A new issue brief released by the Center for American Progress elaborates on the relationship between racial and economic segregation and the rise of America’s voucher system. In the years following Brown v. Board of Education, white communities used public funds—in the form of vouchers—to relocate their children to private schools. Consequently, students of color found themselves left behind in public schools that lacked proper resources and resulted in barriers to black communities’ economic and social well-being. “Policymakers must consider the origins of vouchers and their impact on segregation and support for public education,” the brief states. “No matter how well intentioned, widespread voucher programs risk exacerbating segregation in schools and leaving the most vulnerable students and the public schools they attend behind.” You may also be interested in this column illustrating six ways Secretary DeVos is enabling discrimination and undermining civil rights. 

Claire Markham, The Faith Team, Center for American Progress

Full story … 

Related:

The Bandwagon of Hate: America’s Cancer, Odysseus, Angry Humanist

http://evergreenedigest.org/sites/default/files/Moyers%20%7C%20Talking%20About%20Race_0.jpg

  • So here I ask that each of us pull our heads out of those fluffy and, mostly white, clouds of privilege and see the world our choices have created. Stop supporting the status quo with silence and quick indictments of the disenfranchised. Stop changing the subject. Stop complaining about our hurt feelings. Stop listening to everyone except the people who are suffering. We either challenge the system and our long held perceptions of the people it harms or do nothing, and thus, contribute to the collapse.
  • Related: White America's Greatest Delusion: "They Do Not Know It and They Do Not Want to Know It"

 

From the Archives | The Bandwagon of Hate: America’s Cancer

http://evergreenedigest.org/sites/default/files/Moyers%20%7C%20Talking%20About%20Race_0.jpg

  • So here I ask that each of us pull our heads out of those fluffy and, mostly white, clouds of privilege and see the world our choices have created. Stop supporting the status quo with silence and quick indictments of the disenfranchised. Stop changing the subject. Stop complaining about our hurt feelings. Stop listening to everyone except the people who are suffering. We either challenge the system and our long held perceptions of the people it harms or do nothing, and thus, contribute to the collapse.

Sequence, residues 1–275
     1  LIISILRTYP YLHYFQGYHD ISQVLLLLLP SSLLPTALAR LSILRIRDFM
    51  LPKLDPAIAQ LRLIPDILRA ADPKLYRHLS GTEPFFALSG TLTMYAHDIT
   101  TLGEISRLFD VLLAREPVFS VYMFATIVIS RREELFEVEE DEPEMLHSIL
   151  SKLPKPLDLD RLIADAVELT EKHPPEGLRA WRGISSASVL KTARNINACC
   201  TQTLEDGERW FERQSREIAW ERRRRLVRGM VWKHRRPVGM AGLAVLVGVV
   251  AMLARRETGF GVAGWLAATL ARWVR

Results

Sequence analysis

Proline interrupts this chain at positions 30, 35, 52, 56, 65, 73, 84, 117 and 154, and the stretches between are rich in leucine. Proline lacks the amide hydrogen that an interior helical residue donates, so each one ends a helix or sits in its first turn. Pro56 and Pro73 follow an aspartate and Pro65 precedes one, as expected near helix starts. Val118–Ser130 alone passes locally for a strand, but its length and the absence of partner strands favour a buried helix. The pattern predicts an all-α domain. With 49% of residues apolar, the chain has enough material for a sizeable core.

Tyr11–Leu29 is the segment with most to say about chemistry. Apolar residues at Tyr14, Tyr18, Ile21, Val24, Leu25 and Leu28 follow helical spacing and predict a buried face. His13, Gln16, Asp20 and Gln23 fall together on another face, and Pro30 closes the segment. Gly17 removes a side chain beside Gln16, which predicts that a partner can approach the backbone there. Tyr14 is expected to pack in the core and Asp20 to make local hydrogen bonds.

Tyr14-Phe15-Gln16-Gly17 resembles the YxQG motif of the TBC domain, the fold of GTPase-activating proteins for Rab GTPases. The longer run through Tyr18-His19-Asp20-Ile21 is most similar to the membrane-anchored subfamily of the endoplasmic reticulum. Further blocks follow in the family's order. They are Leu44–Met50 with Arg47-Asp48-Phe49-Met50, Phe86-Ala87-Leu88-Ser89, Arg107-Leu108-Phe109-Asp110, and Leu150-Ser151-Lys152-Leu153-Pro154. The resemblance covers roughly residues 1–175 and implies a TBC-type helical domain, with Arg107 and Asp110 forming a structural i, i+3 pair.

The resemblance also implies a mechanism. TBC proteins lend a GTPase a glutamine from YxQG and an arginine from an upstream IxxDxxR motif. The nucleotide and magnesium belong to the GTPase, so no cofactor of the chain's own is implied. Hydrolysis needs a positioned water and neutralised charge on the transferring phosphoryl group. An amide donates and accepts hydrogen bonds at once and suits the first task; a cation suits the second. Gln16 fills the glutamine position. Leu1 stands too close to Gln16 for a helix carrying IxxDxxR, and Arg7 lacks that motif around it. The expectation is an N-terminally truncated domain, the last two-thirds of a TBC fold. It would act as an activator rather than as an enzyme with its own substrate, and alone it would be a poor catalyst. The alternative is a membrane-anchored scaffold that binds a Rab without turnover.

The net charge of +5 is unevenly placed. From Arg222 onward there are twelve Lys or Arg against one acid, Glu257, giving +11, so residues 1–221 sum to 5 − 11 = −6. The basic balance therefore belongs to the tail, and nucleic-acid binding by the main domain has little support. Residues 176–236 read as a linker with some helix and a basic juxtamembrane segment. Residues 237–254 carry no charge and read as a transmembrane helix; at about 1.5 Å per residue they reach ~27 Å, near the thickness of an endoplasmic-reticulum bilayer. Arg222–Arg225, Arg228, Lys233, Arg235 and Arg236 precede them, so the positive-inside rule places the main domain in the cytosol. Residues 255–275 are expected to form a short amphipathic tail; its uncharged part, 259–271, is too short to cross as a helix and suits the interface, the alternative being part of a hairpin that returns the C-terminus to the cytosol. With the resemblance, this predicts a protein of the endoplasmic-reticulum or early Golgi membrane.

• Related: White America's Greatest Delusion: "They Do Not Know It and They Do Not Want to Know It"

Odysseus, Angry Humanist

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3rd December 2014This is an exercise in dismantling whiteness, white supremacy racism, race and the ideologies that create the socioeconomic disparities we see between people of color and their European counterparts. For this to work, you must read a lot, not just my whimsical ramblings but the many articles and studies I’ve linked throughout this document. Many of my perspectives come from the content of those works, but there is also a fair of amount of insight to be gained simply by existing within a nation that never really feels like home.

I have put great effort into coupling my opinions with historical references and other sound affirming data, but I am human; so there may be some mistakes here and there. I simply ask that you not dismiss the entirety of what is said for having read something perceived as wrong on your part or said in error on mine. I will, at times use sarcasm, humor, and dialogue to clarify a point, but I do these things not because this topic is in any way something to take lightly. They are tools to soften the blow for you, the reader, and me the bareknuckle writer. I am neither trying to http://www.alternet.org/sites/default/files/styles/story_image/public/story_images/screen_shot_2015-05-06_at_10.41.19_am_0.png?itok=r5Y8N1gNdraw blood or break my hand in the process of dropping some rather heavy accusations, facts, and opinions on some sleeping heads.